Keeping with a similar theme, the bittersweet “I Cried Today” speaks to that twinge of regret many of us have felt when seeing an old flame, wondering what could have been had things turned out differently: “I heard today you found someone who makes you happy. A good man, the true love that you’ve been searching for. I cried today. Were the tears for you, tears for me, or for the years that lie between what we had and could have been? I cried today. I got a good life, got a good love. You’re happy too, that should be enough. I’m still selfish in that way, so I cried today.” The guitars and organ work are sublime, and Matechuck’s vocals nicely convey the poignant emotions described in the lyrics. It’s a beautiful song, and one of my favorites on the album.

A Life Worth Living” is another highlight on the album for me. Once again, the guitars and organ are great, and Lennox and Wesley do their part to keep the rhythm on a solid footing. “A Matter of Time” is a lively rockabilly tune about picking oneself up after a failed love affair, and getting back into the game: “I got what you need, if you give me half a chance / You got to come out swingin’, and learn to love again.”  The wonderful honky tonk-style piano takes center stage here.

The band returns to the blues in a big way on “We Don’t Love No More“, a sorrowful song about a relationship that’s broken beyond repair. Bubba’s bluesy guitar work and Hebert’s mournful organ work are fantastic, making this my favorite track on the album. Matechuk’s heartfelt vocals beautifully express the abject sadness contained in the painful lyrics: “I got this feeling this time we’ve gone too far. All those years have worn us down. And all those things we held so close, are the things that hurt the most. Find the words that hurt and scar. Gonna burn this to the ground, cause you and I we don’t love no more.”

MSB seem to pay tribute to Tom Petty on the title track “Rollin’ Again“, with twangy guitar riffs and a melody influenced by the Southern Rock legend’s signature sound. The song is about moving on from a relationship that was doomed from the start: “I ain’t one for laying blame. I’ll leave that to you. Now you say you want something more, and that’s something I can’t give./ All the things that were keeping me down. I’m rollin’, rollin’ again.” “Trail Went Cold” is a bouncy Country tune, with twangy guitars and harmonica, while “Sweet Touch” has a harder rock’n’roll feel, with heavier guitars and more aggressive drums, though Hebert’s organ is prominent here too.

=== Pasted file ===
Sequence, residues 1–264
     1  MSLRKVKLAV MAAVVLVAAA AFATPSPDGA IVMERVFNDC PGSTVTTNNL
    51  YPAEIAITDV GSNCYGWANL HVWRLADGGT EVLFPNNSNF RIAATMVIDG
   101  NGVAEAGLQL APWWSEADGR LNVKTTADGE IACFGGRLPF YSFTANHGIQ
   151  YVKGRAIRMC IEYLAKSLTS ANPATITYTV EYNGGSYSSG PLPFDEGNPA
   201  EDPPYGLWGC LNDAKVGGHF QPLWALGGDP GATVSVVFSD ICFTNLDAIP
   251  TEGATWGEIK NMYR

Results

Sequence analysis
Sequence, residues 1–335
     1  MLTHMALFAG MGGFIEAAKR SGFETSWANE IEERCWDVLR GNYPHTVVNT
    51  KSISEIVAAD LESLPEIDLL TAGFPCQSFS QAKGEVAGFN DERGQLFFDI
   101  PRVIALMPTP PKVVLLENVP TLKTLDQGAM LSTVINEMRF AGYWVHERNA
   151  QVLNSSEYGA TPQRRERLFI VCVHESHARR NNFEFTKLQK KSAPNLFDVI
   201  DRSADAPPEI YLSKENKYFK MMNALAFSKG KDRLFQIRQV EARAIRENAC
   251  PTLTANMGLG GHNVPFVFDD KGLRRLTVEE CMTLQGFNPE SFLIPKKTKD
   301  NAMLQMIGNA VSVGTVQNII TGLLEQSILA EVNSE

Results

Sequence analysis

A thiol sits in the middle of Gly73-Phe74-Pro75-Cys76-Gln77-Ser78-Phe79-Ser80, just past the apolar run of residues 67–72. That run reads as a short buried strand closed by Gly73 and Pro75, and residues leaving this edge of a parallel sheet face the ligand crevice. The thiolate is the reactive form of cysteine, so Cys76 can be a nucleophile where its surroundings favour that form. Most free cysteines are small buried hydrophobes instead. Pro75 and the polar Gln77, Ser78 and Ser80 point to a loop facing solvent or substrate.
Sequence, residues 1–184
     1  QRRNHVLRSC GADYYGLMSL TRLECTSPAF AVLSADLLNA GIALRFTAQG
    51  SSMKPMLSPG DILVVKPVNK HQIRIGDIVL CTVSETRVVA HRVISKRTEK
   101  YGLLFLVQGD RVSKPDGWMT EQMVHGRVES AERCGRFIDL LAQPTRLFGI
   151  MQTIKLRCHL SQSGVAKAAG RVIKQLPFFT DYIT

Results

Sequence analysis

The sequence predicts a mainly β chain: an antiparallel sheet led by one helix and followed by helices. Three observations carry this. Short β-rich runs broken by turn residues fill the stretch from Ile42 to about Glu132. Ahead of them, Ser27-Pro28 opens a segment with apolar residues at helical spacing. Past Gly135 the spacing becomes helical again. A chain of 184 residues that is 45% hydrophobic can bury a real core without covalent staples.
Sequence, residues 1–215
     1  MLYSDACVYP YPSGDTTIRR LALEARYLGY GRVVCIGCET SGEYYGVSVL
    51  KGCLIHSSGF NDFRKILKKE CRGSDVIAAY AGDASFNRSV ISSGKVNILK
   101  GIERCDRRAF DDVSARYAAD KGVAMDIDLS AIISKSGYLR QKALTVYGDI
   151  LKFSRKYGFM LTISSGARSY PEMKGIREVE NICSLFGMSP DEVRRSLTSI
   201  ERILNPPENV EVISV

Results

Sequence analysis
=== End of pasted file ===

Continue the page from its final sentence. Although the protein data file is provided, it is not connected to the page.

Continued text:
The guys close out the album with the wonderful kiss-off “Your Love Ain’t Special“. As always, they deliver the music goods, laying down some mighty tasty bluesy riffs and marvelous organ work. All in all, Rollin’ Again is a terrific album, and a fine debut effort by this talented collective of musicians. With songs ranging from Southern rock and blues to Country and rockabilly, there’s something for everyone to enjoy on this record.

To learn more about the Matlen Starsley Band, check out their Website

Follow them on: FacebookTwitterInstagram
Stream their music:  SpotifyApple Music / YouTube
Purchase:  BandcampiTunes / Website

SHADOW OF EVEREST – Album Review: “The Hunting Ground”

Shadow of Everest album art

Shadow of Everest is a Canadian progressive groove metal band hailing from the beautiful city of Halifax, Nova Scotia. (I recently featured another Nova Scotia artist, singer/songwriter Guy Paul Thibault.) Formed in 2014, the band’s line-up includes guitarist/vocalist John Vriend, bassist Shaun Cowell, guitarist Andew Welsman and drummer Matt Burton. Influenced by some of their favorite hard rock bands Led Zeppelin, Black Sabbath, Machine Head, Mastodon, Tool and Karnivool, they play an arresting and innovative style of metal rock, featuring intelligent lyrics penned by Vriend and delivered with unconventional melodies, wicked riffs, driving bass lines and pummeling drums.

Shadow of Everest2